Do I need car insurance to get my license?

Published August 28, 2017|4 min read

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Updated March 25, 2019: In short, if you’re wondering whether you need car insurance to get a driver’s license, the answer is no. While it may seem a little weird, it’s true. But why would someone want a driver’s license without car insurance?

Well, just as when it comes to getting auto insurance without a driver’s license, there are a few scenarios, listed here, of why someone might just not need a policy of their own — which is essentially why car insurance isn't a license requirement. Let’s take a look at these scenarios.

1. You just want to keep your license current

Let’s say, for example, you have no need to drive and don’t want to own a car, but you know you probably will again someday. Instead of letting your license expire — which may mean you’d have to take the written and driving portions of the test all over again — you renew whenever necessary to keep it current. And you don’t need proof of insurance to do so.

Of course, if you do decide to get a car again, auto insurance is an important part of keeping yourself and your investment safe. While not every state requires it, it’s good to keep in mind that you are responsible for any damages you cause in an accident. That can add up to tens and even hundreds of thousands of dollars if an accident is bad enough and there are multiple injuries. (We can help you compare and buy car insurance here.)

If you’re worried about finding the best auto insurance coverages for the best price, or if you’re worried about affording insurance at all on top of your new automobile payments, you can check out some of our tips for saving money on car insurance.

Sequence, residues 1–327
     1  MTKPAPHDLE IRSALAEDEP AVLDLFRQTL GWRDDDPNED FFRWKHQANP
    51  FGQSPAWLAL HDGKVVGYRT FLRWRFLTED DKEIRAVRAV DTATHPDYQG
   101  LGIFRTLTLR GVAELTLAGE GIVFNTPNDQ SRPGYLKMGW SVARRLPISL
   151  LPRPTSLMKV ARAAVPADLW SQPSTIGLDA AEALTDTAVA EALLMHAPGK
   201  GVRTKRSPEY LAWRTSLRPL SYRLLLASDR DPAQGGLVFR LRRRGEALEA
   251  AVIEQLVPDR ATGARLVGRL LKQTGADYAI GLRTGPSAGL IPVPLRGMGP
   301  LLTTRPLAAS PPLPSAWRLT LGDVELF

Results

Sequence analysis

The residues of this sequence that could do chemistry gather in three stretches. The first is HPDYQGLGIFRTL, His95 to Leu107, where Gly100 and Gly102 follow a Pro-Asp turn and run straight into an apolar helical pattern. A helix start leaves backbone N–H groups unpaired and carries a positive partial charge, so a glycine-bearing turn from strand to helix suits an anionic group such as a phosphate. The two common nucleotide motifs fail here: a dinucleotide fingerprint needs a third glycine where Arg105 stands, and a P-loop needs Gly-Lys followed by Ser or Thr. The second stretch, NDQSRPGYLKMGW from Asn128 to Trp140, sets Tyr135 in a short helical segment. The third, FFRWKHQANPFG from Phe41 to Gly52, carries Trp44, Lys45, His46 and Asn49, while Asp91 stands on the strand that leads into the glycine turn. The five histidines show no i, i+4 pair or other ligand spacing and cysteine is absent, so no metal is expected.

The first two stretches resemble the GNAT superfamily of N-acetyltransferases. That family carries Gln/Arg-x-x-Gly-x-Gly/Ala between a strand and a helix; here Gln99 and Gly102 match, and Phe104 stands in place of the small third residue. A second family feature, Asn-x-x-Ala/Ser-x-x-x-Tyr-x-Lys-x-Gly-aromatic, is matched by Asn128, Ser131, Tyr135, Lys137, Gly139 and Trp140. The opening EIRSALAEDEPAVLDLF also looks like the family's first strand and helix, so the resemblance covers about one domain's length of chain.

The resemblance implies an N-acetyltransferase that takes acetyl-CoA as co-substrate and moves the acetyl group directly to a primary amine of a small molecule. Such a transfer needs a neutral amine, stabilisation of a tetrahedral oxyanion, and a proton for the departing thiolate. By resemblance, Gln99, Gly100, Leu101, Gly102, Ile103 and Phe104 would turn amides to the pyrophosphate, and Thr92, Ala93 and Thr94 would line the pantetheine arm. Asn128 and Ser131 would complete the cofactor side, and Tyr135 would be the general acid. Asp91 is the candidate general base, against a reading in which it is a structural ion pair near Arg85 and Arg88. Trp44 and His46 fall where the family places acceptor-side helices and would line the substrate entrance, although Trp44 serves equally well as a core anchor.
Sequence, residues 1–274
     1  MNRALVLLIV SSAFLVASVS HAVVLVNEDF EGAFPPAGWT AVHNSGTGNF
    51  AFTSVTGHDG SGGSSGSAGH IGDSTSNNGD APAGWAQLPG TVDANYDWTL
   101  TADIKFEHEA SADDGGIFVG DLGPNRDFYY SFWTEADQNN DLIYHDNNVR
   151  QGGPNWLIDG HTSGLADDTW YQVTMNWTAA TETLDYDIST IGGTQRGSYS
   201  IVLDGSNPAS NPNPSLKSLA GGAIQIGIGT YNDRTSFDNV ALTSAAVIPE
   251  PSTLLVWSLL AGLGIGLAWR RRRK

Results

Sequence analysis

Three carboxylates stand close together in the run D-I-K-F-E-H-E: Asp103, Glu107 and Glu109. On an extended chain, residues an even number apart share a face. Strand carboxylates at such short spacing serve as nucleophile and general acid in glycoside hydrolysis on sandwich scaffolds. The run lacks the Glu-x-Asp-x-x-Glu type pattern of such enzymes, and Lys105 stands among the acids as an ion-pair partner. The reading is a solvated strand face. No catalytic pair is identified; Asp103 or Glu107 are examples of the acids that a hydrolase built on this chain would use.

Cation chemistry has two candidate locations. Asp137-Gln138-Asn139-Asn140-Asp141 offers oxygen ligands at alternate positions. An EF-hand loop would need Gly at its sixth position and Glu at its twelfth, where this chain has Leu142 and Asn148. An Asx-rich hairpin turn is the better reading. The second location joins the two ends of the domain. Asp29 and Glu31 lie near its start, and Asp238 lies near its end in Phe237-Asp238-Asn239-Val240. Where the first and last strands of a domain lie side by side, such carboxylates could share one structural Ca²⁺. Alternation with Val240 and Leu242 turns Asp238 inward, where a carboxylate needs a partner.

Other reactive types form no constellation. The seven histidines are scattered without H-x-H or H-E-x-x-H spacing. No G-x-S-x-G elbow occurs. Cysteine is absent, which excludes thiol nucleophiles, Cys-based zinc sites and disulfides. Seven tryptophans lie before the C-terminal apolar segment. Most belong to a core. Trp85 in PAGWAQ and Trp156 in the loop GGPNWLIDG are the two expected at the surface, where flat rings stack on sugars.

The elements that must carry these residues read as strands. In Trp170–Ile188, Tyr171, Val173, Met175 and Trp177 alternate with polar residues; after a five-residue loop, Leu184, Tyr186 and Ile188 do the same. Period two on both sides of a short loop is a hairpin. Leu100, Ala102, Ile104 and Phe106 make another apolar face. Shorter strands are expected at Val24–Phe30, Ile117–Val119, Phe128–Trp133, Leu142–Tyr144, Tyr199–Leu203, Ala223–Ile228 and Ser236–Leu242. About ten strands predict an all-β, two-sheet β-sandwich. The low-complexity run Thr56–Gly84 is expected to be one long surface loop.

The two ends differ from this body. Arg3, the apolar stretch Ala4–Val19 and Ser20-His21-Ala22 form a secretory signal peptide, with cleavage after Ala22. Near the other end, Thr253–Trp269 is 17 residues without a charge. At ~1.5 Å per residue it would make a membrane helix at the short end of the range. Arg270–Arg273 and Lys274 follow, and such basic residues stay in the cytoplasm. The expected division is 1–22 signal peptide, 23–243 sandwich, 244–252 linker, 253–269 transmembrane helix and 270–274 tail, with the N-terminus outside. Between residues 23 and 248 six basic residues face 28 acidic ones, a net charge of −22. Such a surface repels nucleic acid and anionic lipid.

Also keep in mind that where you live, how far you drive, what kind of vehicle you drive, your credit and the types of coverage you want all affect how much your insurance coverage will cost. That’s why it’s important to understand just how much car insurance you need for your particular circumstances. Once you’ve done that, you can start comparing auto insurance quotes from some leading insurance agencies to find low-cost auto insurance for you and your car.

Here's a primer on finding out how much insurance you really need.

2. You plan to drive someone else’s car

This one is kind of a no-brainer. If you don’t own a car, you don’t need to insure a car, right? Right. If you’re going to be driving a car owned by, say, your parent, your spouse or your employer, their insurance company likely will require that you be listed as a secondary driver of that vehicle (or primary, if applicable), but you won’t be required to take out an insurance policy for yourself.

3. You plan to drive a rental car every now & then

Say you live somewhere where owning a car is more of a pain than a convenience, such as New York City. That doesn’t mean you aren’t ever going to want to drive, so you may still want a license so you can rent a car to get out of the city for a long weekend, or drive while on vacation or visiting friends in another part of the country. When you do, you can use the insurance provided by the rental company or you can use any coverages provided by your credit cards, if they’re available.

You can learn more about rental car insurance here.

4. You work for a company as a driver

Folks who drive delivery trucks, for example, may not have their own car to insure, but most certainly need a license to operate their employer’s vehicle. Same goes for a chauffeur, for example. A lot of these folks need commercial licenses to operate these vehicles.

If you are an Uber, Lyft or rideshare driver, you can get your own special kind of insurance. Learn more here.

Do I need non-owner car insurance?

Keep in mind, if you don’t own a car, but drive one frequently enough, a non-owner car insurance policy is probably a good idea. That’s because the coverage you often get through someone else’s car insurance, a rental car company or credit card company is not always comprehensive.

Non-owner car insurance primarily covers liability, meaning any damages or injuries you cause while you’re driving a rented or borrowed ride. You can go here to learn more about when non-owner car insuranceis right for you.

*Image: monkeybusinessimages**

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